PIEDMONT -- Climate change has the potential to kill millions of people and disrupt the lives of billions more and a rise in the sea level will have devastating effects on Earth, said a UC Berkeley professor who spoke at Piedmont Community Church.
However, Andrew Guzman, who wrote a new book, "Overheated: The Human Cost of Climate Change," said in concluding his talk that if humans manage to lower greenhouse gases, millions of lives would be saved.
About 60 people filled the church's youth chapel Sunday to hear Guzman, a professor of international law at UC Berkeley who earned his law degree and a doctorate in economics from Harvard University.
"I'm glad to see so many people here today," Guzman said. "It's good for my book, although it's probably bad for the world."
Guzman was welcomed to Piedmont by the church's associate pastor, the Rev. Don Ashburn.
"The title of Andrew's book is intriguing because 'overheated' is a word that can be used to describe the debate on climate change," Ashburn said. "However, Andrew is trying to move beyond that ... to see what's actually happening to our world."
Guzman stressed that he's not a scientist but that his book is based on scientific research and predictions.
"A conservative assumption is that we will see a rise in global temperature of 2 degrees Celsius in this century," Guzman said.
He said that type of rise in global temperature will kill hundreds of millions and "badly damage" billions of people.
"Those numbers are alarming, but that is because we should be alarmed," he said.
Guzman went on to explain that shrinking glaciers because of global warming are already affecting runoff and vital water supplies throughout the world.
"We need water every day," Guzman said. "If water isn't there, we have real problems."
He pointed to the indigenous Uru Chipaya tribe in Bolivia, which has survived for thousands of years on the watershed of the Lauca River. Now the river is drying up because of rising temperatures and the retreat of Andean glaciers, threatening the existence of the Uru Chipaya.
"It's a simple story: one group, one river fed by glaciers," Guzman said. "But it's the same dynamic for larger social groups all over the world."
Closer to home, Guzman said California faces the same dilemma with the shrinking of the Sierra snowpack.
"Californians are already stressed over water supply; that supply will be 25 percent to 40 percent less by 2050," he predicted.
The potentially shrinking water supply will affect agricultural output and the cost of food, not just in California but throughout the world.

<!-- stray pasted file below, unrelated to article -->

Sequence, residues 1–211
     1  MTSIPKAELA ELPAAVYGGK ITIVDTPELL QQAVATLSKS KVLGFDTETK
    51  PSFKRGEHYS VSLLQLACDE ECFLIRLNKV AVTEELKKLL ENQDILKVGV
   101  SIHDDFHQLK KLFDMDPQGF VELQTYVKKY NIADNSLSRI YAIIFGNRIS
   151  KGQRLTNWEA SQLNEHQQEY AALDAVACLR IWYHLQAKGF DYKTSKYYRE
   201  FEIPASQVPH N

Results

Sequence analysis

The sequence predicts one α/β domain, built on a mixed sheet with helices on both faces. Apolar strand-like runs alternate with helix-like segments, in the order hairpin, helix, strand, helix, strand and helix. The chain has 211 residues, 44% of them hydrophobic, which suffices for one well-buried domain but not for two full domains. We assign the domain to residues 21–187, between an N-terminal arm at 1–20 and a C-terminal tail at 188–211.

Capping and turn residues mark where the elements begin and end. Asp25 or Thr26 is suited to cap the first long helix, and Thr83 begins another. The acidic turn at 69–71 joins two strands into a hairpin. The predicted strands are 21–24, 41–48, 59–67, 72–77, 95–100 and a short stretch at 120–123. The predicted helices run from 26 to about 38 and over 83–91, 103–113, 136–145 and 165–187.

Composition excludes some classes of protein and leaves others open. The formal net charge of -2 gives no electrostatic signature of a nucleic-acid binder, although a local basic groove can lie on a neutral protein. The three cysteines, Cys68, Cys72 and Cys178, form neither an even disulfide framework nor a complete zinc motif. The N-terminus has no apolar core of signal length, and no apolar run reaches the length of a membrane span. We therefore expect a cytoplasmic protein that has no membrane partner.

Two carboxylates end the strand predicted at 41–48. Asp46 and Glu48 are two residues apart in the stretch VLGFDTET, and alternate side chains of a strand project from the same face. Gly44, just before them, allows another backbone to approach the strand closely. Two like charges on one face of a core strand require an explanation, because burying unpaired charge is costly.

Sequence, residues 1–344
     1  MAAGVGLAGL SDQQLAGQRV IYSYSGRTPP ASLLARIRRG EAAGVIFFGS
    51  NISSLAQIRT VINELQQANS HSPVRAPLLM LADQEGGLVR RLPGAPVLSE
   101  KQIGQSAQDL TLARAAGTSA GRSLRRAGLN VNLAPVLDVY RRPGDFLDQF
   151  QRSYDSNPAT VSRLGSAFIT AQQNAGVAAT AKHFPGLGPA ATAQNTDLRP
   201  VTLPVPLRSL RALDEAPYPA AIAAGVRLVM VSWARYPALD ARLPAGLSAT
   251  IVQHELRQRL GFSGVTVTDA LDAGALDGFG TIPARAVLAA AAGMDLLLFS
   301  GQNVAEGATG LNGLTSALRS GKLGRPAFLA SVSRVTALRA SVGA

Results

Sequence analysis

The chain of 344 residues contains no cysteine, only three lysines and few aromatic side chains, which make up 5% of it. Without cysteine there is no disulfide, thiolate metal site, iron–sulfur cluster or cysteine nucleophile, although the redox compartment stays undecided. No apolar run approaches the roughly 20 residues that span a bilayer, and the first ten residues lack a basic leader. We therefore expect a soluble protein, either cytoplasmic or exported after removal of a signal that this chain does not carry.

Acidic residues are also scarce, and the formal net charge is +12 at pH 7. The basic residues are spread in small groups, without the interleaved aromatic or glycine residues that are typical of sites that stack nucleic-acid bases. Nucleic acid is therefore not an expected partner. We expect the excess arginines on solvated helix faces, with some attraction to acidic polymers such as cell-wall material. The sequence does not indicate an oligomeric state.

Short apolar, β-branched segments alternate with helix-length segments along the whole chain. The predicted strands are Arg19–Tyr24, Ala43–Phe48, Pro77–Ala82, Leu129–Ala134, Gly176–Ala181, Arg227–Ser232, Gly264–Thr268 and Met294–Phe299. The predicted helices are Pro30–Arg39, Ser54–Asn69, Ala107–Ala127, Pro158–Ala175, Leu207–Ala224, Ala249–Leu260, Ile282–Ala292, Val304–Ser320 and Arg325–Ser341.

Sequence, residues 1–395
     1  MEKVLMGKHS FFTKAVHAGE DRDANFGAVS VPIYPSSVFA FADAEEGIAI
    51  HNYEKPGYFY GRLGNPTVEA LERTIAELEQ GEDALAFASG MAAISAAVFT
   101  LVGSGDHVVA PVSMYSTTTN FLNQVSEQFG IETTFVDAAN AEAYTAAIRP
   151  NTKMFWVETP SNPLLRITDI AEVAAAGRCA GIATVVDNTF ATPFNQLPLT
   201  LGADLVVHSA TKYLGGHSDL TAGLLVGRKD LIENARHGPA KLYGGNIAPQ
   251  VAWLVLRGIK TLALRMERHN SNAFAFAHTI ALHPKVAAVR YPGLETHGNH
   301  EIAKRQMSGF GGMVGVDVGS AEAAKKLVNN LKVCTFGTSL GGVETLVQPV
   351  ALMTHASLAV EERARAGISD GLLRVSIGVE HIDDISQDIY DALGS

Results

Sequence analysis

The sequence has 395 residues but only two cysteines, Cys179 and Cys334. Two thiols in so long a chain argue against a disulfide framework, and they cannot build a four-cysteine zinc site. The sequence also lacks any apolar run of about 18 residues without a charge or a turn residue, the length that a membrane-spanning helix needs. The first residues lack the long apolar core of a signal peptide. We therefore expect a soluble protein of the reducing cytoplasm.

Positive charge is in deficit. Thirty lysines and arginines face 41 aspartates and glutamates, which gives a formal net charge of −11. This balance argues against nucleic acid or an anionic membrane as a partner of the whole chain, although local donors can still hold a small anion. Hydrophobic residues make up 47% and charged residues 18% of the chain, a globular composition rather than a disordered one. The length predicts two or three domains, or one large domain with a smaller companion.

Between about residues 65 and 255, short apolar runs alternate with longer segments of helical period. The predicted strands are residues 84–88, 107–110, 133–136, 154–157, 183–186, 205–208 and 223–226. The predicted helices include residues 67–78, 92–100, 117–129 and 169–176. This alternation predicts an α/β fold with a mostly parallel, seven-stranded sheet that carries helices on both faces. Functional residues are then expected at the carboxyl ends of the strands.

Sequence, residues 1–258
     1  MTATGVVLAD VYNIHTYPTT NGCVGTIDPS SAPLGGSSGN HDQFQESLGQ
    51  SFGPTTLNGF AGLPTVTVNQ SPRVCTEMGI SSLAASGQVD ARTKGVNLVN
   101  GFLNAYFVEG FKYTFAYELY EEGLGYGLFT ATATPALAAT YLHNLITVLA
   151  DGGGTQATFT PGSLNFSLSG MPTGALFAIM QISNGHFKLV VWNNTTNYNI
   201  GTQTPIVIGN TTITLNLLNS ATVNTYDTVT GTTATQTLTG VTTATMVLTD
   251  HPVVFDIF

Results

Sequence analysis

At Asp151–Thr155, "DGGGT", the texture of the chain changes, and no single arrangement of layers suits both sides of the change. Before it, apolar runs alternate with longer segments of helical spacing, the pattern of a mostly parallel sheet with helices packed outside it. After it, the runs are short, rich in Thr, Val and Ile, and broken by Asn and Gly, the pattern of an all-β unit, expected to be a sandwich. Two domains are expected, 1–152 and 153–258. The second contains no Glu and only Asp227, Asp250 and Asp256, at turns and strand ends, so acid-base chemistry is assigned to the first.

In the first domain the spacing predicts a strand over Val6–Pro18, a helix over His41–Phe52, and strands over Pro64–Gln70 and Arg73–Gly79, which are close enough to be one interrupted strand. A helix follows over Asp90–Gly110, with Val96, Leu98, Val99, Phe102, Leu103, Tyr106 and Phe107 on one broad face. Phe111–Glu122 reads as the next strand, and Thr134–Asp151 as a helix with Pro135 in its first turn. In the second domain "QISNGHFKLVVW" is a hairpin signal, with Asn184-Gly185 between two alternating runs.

"For poor people in the United States and worldwide that will be a real struggle," Guzman said. "If people are priced out of the market, they face famine and starvation on a large scale."
A rise in sea level would also have devastating effects.
"Bangladesh, the most densely populated country in the world, would lose 17 percent of its land if the sea rises 1 meter," Guzman said. "After storms and floods, there will be disease, famine and displacement that would affect about 20 million people."
Guzman estimates that one in every 33 people worldwide will be displaced by climate change in this century. "Do you think Congress is going to allow millions of poor, sick, hungry refugees into the country?" Guzman said. "No, they will end up in camps or die of hunger or violence ... a refugee is a very dangerous life."
He said climate change will affect everything, including civil wars and other conflicts. "Climate change is a vice that squeezes problems and makes them worse," he said.
For example, Guzman said, Nigeria is important to the United States because of oil and the growing threat of terrorism.
"Climate change will make everything more dangerous," Guzman said. "If Nigeria is squeezed for water, oil won't flow and it could become a breeding ground for terrorism."
Similarly, existing tensions between neighboring India and Pakistan would be exacerbated if they have to fight over water from the Indus River, which flows through both countries.
"Pakistan is no match for India in size or military force," Guzman said. "The only way Pakistan can respond is with a nuclear threat."
In conclusion, Guzman said that if we manage to lower greenhouse gases, we would save millions of lives.
"There's no doubt it's a heavy lift; we've dug a deep hole, but there's an opportunity to save lives and improve life for billions of people."
Guzman then took questions from the audience. Someone asked why Guzman seemed reluctant to offer solutions to the climate change problem.
"It's not in my book," replied Guzman, adding that countries need to use less carbon and make renewable energy sources more appealing through financial incentives. He said people have to lobby their politicians to work for change.
An audience member questioned whether the 2-degree predicted rise in global temperature was certain and if climate change was really man-made or just a cyclical phenomenon. "The rise in greenhouse gases is measurable," Guzman said. "Today, 97.5 percent of climate scientists believe that global warming is caused by humans. You won't find any discussion on global warming ... it's a given with climate scientists."
Another audience member said she was skeptical about governments and politicians doing anything about carbon and asked about other mitigations.
Guzman described a proposal to take carbon out of the air and store it in massive carbon caves, but that we don't yet have the technology to do this. "The oceans are growing more acidic with carbon dioxide," he said. "There are algae that soak up carbon, but that is currently inefficient ... we need too many of them.
"I'm not optimistic about these options."
The event was sponsored by Piedmont Connect, a community organization that promotes environmental sustainability. For more information, visit www.piedmontconnect.org. Guzman's 250-page, hardcover book is published by Oxford University Press.